Marcus Sherels became a Vikings fan favorite for a number of reasons after arriving with the team in 2010. He was “one of us,” hailing from Rochester and playing for the Gophers; he was an underdog, making the team as an undersized and undrafted free agent; and most importantly: he was good at what he did.
He ranked in the Top 10 in the NFL in punt return yard average in five of the past six seasons and is third on the NFL’s active list for total punt return yards.
Perhaps having a true specialist was a luxury the cap-strapped Vikings could no longer afford. Perhaps they decided the 31-year-old Sherels was on the decline or due for one. What we know for sure is that Sherels now plays for the Saints after agreeing to a one-year deal in New Orleans.
Quantifying how much fans will miss Sherels is difficult, though the basic answer is “a lot.” Quantifying how much the Vikings might miss Sherels is a little easier. But the answer is the same: “a lot.” Why?
Mike Zimmer values field position, and Sherels added it. The average NFL team returned 28.4 punts in 2018, and the average length of return was 8.5 yards. Sherels in the past six seasons has averaged 11.3 yards per return.
Also, Sherels was a game-breaker. Though he wasn’t flashy and didn’t look particularly dangerous, Sherels has five career punt returns for touchdowns — second among active NFL players and No. 14 all-time.
Sherels was dangerous as a return man, but he was pretty careful with the ball.
In eight years as a return man, he had just eight regular-season fumbles and lost just two of those — so one fumble a year, and one lost fumble every four years.
In the NFL last season, there were 83 total fumbles among the 32 teams on punt returns — about 2.6 per team.
Maybe Sherels’ replacement will do a great job next season and the Vikings won’t miss a beat. Or maybe the Vikings will miss Sherels just as much as it sounds like their fans will miss him.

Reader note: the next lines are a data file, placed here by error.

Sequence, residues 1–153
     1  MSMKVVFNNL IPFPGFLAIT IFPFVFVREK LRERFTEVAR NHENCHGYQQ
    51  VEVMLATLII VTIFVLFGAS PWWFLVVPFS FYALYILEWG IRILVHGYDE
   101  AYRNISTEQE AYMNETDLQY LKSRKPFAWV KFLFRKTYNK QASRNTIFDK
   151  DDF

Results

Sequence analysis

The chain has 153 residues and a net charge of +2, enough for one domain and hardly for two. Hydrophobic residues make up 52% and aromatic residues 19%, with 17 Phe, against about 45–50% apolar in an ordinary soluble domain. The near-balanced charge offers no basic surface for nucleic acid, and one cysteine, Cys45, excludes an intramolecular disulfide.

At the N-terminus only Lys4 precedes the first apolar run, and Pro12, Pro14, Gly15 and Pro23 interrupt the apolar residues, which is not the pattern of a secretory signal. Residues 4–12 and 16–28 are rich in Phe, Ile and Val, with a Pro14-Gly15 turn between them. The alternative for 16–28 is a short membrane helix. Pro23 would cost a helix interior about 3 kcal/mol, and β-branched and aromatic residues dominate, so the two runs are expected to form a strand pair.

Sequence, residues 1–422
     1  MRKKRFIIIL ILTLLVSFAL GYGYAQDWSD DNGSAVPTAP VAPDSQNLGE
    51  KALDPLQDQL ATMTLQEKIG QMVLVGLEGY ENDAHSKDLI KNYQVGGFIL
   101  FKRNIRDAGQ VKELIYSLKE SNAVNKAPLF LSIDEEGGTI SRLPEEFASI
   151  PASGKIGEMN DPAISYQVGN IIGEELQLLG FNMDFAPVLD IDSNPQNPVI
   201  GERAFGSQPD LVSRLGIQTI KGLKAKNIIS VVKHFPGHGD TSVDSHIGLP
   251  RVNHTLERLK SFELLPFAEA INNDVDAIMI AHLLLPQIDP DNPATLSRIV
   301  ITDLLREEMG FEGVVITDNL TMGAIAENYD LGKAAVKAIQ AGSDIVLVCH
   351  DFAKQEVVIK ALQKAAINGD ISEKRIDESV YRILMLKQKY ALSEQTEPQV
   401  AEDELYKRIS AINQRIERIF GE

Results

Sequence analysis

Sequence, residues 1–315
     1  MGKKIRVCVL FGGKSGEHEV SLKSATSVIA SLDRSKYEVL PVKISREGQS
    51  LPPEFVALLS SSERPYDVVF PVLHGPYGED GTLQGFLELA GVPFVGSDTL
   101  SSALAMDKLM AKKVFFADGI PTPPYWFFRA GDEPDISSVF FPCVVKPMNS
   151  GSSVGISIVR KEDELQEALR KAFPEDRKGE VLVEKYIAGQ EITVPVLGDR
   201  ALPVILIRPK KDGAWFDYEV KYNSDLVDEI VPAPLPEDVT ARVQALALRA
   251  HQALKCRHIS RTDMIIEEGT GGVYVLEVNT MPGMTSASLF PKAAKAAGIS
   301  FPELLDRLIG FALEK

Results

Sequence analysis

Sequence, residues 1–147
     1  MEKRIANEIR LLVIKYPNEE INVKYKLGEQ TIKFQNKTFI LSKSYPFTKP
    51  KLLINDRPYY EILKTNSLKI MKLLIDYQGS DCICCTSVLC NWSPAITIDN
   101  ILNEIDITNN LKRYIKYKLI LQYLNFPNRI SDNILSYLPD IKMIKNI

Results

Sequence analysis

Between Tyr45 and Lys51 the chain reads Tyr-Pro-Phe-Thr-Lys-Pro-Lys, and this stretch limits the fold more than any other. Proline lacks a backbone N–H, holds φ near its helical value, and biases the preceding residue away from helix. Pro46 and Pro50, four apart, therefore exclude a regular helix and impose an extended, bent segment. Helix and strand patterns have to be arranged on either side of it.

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Look no further than point differential to see that the Gophers men’s basketball team got about as much out of this season as could have possibly been expected.
In games against Big Ten opponents — including Michigan State in the NCAA tournament — decided by 20 points or more, the Gophers were 1-5.
In games against Big Ten opponents decided by seven points or less, Minnesota was 7-4.
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The Gophers softball team has played 31 consecutive road games to start the season, and its home opener is slated for Friday against Purdue at Jane Sage Cowles Stadium.
Because of that extended road stretch, Minnesota’s accomplishments might be flying under the radar. But you should pay attention to this 22-9 team — and in particular powerful freshman Natalie DenHartog.
In 30 games played, DenHartog already has 10 home runs — halfway to the team record set by Kendyl Lindaman before the two-time Big Ten Player of the Year transferred to Florida this offseason.
If the fear was that the Gophers would fade from national prominence after Lindaman’s departure, DenHartog’s power surge is helping to change the narrative.
• The Wild’s pursuit of a playoff spot isn’t just a three-team chase for one spot. Dallas is suddenly vulnerable after a 1-3-1, and the Stars (just 16-17-3 on the road this season) have five of their final seven away from home.
They lead the Wild by just three points — and the teams face each other April 6 in Dallas in a regular-season finale that could have huge implications.